# Posterior Probability

a) Your initial belief is that a defendant in a court case is guilty with probability 0.5. A witness comes forward claiming he saw the defendant committed the crime. You know the witness is not totally reliable and tells the truth with probability p. Calculate the posterior probability that the defendant is guilty, based on the witness’s evidence.

b) A second witness, equally unreliable, comes forward and claims she saw the defendant committed the crime. Assuming the witnesses are not colluding, what is your posterior probability of guilt?

c) In total, n equally unreliable witnesses claim that they saw the defendant committed the crime. If there is no collusion among them, what is your posterior probability of guilt?

d) Compare the answers to a), b) and c). How do you explain this result?

So far for part a I have this:

P(guilty) = 0.5

P(witness says guilty | guilty) = p (Witness is telling the truth)

P(witness says guilty | not guilty) = 1- p (Witness is telling a lie)

P(guilty and witness says guilty) = 0.5p

P(not guilty and witness says guilty) = 0.5(1-p)

P(witness says guilty) = 0.5[p + (1-p)] = 0.5

P(guilty | witness says guilty)= P(guilty and witness says guilty)/P(witness says guilty) = 0.5p/0.5 = p

Is part B asking the same thing?

• use tex typesetting please – Seyhmus Güngören Sep 29 '14 at 0:54
• Duplicate of this question asked (and answered) a day earlier on stats.SE. – Dilip Sarwate Sep 29 '14 at 2:33

Parts (a), (b), and (c) are all the same thing, but with different numbers of equally unreliable witnesses all claiming the defendant is guilty.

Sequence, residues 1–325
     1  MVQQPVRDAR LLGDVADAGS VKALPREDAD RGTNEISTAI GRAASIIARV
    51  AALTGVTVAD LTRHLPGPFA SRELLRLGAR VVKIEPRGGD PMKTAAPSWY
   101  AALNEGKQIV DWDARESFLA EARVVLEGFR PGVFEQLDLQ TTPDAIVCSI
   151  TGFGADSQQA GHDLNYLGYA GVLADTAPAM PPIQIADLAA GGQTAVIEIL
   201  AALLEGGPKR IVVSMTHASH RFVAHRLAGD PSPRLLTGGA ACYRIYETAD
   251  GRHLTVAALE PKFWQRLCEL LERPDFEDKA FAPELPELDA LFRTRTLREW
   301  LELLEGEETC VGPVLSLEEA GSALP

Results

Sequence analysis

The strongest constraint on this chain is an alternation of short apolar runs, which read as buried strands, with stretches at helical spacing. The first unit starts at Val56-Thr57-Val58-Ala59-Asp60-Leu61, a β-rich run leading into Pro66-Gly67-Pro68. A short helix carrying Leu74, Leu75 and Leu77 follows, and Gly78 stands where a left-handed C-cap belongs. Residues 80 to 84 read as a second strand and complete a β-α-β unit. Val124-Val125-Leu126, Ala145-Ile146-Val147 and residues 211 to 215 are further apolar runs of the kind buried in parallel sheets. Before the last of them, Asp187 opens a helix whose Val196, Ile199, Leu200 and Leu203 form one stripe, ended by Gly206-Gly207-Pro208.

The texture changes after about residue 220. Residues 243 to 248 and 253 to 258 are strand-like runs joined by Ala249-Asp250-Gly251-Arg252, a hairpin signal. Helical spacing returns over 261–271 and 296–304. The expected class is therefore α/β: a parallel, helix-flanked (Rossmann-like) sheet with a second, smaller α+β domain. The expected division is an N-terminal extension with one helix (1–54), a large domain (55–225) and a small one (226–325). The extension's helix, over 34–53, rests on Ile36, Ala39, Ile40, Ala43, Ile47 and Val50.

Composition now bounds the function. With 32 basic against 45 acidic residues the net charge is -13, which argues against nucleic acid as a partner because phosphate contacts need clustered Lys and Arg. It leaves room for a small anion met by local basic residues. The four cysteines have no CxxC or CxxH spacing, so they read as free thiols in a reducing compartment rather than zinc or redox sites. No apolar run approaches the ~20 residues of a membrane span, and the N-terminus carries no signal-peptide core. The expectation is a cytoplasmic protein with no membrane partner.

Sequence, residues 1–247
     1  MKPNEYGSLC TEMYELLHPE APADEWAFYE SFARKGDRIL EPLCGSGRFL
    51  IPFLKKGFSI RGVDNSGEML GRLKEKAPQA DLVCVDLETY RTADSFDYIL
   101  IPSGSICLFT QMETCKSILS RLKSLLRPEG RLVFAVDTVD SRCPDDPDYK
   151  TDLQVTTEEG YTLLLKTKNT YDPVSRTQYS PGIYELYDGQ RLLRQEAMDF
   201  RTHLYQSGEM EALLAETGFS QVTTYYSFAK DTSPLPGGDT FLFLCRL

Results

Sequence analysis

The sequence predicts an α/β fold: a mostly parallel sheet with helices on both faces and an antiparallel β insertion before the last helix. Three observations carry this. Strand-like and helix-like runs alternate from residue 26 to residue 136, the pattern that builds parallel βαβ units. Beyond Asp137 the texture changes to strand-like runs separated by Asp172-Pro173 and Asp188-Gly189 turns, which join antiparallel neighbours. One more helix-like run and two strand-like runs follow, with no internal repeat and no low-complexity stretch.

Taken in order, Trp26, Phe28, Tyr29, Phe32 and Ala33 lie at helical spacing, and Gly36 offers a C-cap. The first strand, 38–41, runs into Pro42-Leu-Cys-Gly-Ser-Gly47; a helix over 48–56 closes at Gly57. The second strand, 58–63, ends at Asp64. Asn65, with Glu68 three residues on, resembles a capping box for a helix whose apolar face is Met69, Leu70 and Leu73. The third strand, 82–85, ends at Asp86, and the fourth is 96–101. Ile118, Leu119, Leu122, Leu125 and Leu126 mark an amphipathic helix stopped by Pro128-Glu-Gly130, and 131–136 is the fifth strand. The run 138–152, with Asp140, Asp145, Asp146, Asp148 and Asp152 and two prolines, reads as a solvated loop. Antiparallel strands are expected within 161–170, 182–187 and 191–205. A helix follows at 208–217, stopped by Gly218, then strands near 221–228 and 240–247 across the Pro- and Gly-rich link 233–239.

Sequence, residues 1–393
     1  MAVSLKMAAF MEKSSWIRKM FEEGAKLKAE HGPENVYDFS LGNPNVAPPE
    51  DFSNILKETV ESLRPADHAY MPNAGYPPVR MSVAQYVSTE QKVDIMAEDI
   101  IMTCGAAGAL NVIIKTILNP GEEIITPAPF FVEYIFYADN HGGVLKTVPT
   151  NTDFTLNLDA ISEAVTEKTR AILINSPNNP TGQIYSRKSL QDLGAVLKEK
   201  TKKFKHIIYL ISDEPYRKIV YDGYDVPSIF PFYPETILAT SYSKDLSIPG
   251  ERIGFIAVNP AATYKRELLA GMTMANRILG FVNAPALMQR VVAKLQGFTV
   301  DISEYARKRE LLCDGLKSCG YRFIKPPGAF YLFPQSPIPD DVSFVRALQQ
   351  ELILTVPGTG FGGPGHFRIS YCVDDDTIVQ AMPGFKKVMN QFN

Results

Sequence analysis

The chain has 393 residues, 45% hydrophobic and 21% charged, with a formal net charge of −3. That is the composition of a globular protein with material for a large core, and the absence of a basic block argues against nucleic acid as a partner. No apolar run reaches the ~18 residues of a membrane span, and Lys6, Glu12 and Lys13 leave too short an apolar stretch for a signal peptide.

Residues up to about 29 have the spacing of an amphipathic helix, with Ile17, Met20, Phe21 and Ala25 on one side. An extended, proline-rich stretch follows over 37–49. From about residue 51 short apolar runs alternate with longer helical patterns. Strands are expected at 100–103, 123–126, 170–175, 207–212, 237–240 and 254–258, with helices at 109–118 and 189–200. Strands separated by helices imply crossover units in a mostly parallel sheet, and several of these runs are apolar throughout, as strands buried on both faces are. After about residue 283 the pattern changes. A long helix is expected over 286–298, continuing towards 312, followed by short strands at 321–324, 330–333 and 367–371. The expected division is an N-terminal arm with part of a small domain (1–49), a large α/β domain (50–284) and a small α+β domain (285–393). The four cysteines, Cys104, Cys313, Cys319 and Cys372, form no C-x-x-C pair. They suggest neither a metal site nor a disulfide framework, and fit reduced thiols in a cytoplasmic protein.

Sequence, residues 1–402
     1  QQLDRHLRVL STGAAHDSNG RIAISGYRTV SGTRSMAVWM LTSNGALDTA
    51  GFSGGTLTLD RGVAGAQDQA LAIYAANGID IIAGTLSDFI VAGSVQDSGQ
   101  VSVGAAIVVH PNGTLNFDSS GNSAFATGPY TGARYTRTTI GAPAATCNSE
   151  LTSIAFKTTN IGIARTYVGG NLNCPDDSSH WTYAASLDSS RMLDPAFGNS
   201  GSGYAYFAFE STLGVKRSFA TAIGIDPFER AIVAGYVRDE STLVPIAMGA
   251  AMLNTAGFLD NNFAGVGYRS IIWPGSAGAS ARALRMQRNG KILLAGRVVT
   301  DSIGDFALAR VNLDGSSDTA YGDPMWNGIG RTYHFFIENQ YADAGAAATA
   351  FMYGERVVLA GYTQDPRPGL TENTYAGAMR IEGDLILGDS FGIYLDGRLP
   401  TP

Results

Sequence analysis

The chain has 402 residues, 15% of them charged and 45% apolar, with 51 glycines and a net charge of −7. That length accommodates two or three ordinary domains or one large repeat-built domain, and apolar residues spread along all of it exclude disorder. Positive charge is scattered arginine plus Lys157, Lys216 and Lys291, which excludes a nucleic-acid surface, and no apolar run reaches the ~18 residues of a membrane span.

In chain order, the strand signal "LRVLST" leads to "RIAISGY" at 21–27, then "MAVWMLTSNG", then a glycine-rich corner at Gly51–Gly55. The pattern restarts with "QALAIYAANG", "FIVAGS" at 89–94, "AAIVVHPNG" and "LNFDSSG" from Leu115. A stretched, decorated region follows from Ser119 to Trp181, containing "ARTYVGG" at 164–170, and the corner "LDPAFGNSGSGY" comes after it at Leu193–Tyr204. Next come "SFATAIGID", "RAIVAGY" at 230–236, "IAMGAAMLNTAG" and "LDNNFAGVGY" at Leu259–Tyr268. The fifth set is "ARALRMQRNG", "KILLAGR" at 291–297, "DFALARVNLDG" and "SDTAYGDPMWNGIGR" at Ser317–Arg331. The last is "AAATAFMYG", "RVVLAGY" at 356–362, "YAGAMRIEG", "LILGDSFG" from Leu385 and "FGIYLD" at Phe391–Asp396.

Let $G$ be the event of the defendant being guilty.

Let $W_n$ be the event of $n$ witnesses all claiming guilt.

So what you have so far for part (a) is:

\begin{align} \\ \mathsf P(G) & = 0.5 \\ \mathsf P(G^c) & = 0.5 \\ \mathsf P(W_1 \mid G) &= p \\ \mathsf P(W_1 \mid G^c) & = 1-p \\\therefore \mathsf P(G\mid W_1) &= \frac{\mathsf P(G)\mathsf P(W_1 \mid G)}{\mathsf P(G)\mathsf P(W_1 \mid G)+\mathsf P(G^c)\mathsf P(W_1 \mid G^c )} \\ & = \frac{0.5 p}{0.5 p + 0.5(1-p)} \\ & = p & \color{green}{\checkmark} \end{align}

Extending this, for part (b) and (c) you want: \begin{align} \mathsf P(G\mid W_2) &= \frac{\mathsf P(G)\mathsf P(W_2 \mid G)}{\mathsf P(G)\mathsf P(W_2 \mid G)+\mathsf P(G^c)\mathsf P(W_2 \mid G^c )} \\[2ex] \mathsf P(G\mid W_n) &= \frac{\mathsf P(G)\mathsf P(W_n \mid G)}{\mathsf P(G)\mathsf P(W_n \mid G)+\mathsf P(G^c)\mathsf P(W_n \mid G^c )} \end{align}

Now when two or more witnesses claim the defendant is guilty, they are either all reliable or all unreliable, depending on the defendent's guilt.

So, the probability that all $n$ witnesses claim guilt, when the defendant is guilty, is the probability of all witnesses being reliable: $$\mathsf P(W_n\mid G) = \underline{\qquad}$$

Likewise probability that all $n$ witnesses claim guilt, when the defendant is innocent, is the probability that they are all unreliable: $$\mathsf P(W_n\mid G^c) = \underline{\qquad}$$

Fill in the blanks, as functions of $p$ and $n$.

Hint: you already have them for when $n=1$.

• Alright so would P(W2|G)=p as well? That is one thing I'm not understanding – user179498 Sep 29 '14 at 2:38
• I'm also trying to figure out how the tree diagram would look. Any ideas? – user179498 Sep 29 '14 at 2:40
• No, @user179498 . If the defendant is guilty, then for two witnesses to both say that then they must both be reliable. When you flip two equally biased coins, with a bias towards heads of $p$, what is the probability that they both come up heads? – Graham Kemp Sep 29 '14 at 2:49
• If there is a bias towards heads, the probability would be heads comes almost every time – user179498 Sep 29 '14 at 3:06
• So the probability of it landing on heads is greater than p=0.5 – user179498 Sep 29 '14 at 3:16